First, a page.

Published in the San Diego Union-Tribune, September 2, 2019
I am currently the CEO of a software company that has employees in New York City; Guatape, Colombia; Sydney, Australia; La Jolla and Downtown San Diego. This is called a distributed workforce, meaning that it operates with a “work from anywhere” arrangement. Oy!
The question to the court is simple: Does this make any sense and is it effective? Rather than give you my own opinion, I will turn to Prithwiraj Choudhury, an associate professor at Harvard Business School, who actually has studied this issue. The bottom line seems to be that the work from anywhere model, similar to those offered at Akamai, NASA and Github, is 4.4 percent more productive than the work from home model. Work from home implies that you must be located relatively close to the office. You are expected to show up there periodically for meetings, etc. Anywhere is geographically agnostic.
Now in my little startup, the geniuses I need happen to be located in Sydney, so there was no discussion. The time difference makes me crazy, I like Monday 9 a.m. meetings, but that would mean my technology team would have to get up at 2 a.m. The medium geniuses where I need brute force rather than algorithmic brilliance are in Colombia. The rest of the management team finds a desk and delivers.
Surprisingly, it turns out that many American companies have been slow to adopt the “anywhere” model. It was hard enough for them to let people work from home one day a week even though many benefits have been documented. Choudhury goes on to expand on the possibility that using this model, employees could move to lower-cost cities, could live on ranches or in the boonies or frankly in a trailer. All you need is an Internet connection. Their cost of living would be less; their company impact would be more.
But one of my co-founders, a cyber/crypto security zealot, points out the risks of “hacking.” So if you adopt this anywhere approach, you need some major smart information technology guys to make sure you protect what you think you have created.
Choudhury did his research at a delightfully stodgy, you-would-never-think-this-place-would-adapt organization — known as the United States Patent and Trademark Office. What he found was that as the distance from the home office increased, so did the productivity. Whoa, think about that sentence. As the USPTO transitioned to full work-from-anywhere, the effect of this policy not only kept employees happier, but also created positive financial outcomes. Choudhury says, that “based on a patent’s average value, this productivity gain could add $1.3 billion of value to the U.S. economy each year.” The study showed that the 600 examiners in the study drove 84 million miles less over a 24-month period.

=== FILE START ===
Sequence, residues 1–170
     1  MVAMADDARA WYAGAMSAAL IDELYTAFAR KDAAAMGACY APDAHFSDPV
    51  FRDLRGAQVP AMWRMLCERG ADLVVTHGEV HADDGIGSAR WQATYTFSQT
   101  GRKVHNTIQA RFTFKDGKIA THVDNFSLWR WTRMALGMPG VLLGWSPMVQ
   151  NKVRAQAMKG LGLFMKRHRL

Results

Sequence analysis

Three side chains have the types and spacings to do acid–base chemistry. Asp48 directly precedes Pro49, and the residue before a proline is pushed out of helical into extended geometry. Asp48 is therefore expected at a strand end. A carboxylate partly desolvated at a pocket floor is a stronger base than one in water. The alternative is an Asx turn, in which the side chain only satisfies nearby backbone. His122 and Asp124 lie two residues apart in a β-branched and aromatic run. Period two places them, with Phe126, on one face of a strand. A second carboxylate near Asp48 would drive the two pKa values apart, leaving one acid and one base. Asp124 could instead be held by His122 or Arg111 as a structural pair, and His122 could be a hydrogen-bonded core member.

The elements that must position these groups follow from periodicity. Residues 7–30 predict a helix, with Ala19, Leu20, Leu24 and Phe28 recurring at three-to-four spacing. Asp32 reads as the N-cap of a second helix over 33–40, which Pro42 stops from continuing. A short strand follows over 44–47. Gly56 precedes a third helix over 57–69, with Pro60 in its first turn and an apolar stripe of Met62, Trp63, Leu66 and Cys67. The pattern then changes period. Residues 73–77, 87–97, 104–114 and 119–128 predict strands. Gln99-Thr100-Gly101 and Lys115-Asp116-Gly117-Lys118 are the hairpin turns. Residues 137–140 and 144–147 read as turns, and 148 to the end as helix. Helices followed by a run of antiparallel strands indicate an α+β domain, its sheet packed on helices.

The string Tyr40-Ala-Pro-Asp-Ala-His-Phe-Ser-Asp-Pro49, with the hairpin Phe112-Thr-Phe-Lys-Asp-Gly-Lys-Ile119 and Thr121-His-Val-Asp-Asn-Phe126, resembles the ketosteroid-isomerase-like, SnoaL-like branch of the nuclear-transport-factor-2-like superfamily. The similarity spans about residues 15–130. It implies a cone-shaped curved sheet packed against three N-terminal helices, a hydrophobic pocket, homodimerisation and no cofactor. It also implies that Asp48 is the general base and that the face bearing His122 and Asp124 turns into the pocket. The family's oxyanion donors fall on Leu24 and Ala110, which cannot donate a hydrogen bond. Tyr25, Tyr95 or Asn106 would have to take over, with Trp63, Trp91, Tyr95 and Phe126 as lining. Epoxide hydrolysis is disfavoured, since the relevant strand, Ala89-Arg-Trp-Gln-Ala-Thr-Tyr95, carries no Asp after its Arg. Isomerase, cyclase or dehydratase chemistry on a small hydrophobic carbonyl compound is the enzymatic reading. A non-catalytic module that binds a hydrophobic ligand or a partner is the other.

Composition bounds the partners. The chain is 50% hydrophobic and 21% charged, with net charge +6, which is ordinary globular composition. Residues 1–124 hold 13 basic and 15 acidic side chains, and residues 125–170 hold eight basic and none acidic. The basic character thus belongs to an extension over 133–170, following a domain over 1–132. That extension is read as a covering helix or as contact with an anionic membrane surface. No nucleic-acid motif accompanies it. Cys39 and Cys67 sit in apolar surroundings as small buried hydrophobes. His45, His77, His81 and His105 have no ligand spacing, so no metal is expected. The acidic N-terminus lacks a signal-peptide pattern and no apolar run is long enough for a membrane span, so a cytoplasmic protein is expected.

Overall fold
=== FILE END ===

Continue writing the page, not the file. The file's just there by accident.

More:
Now the fishhook. “Work from anywhere isn’t for everyone.” (Not sure you need to teach at Harvard to know that.) The key is to figure out what amount of this concept will work in your company. My little software company uses big data and machine learning to create our solution. Choudhury would describe us as one that creates our product using “sequential interdependence” — which is a fancy way of saying our work flow “involves a series of tasks performed by different employees.” This is in contrast to a company that has “reciprocal interdependence,” which requires continued and constant interaction (face time) with a large group of co-workers.
Now of course, no good idea goes unpunished. A byproduct of “anywhere” is that if you believe in the value of corporate culture, then you need to get all (or most) of the employees together a couple times per year to cross-pollinate and build a cohesive company culture. Airfare from Australia is the same cost as a small house in Chula Vista.
One orthogonal concern is that your employees will take advantage, Choudhury says, “It’s trust — it’s the fear that people will shirk.” So you can see how important it is to empower the distant workers, while at the same time also holding them accountable — not so easy.
The upside from this kind of thinking is that “People will gravitate to a location where they want to live, rather than where they have to live.”
Senturia, a serial entrepreneur who invests in early-stage technology companies, writes weekly about entrepreneurship in San Diego. Email ideas to [email protected].
Go where the talent is. Do not make it come to you.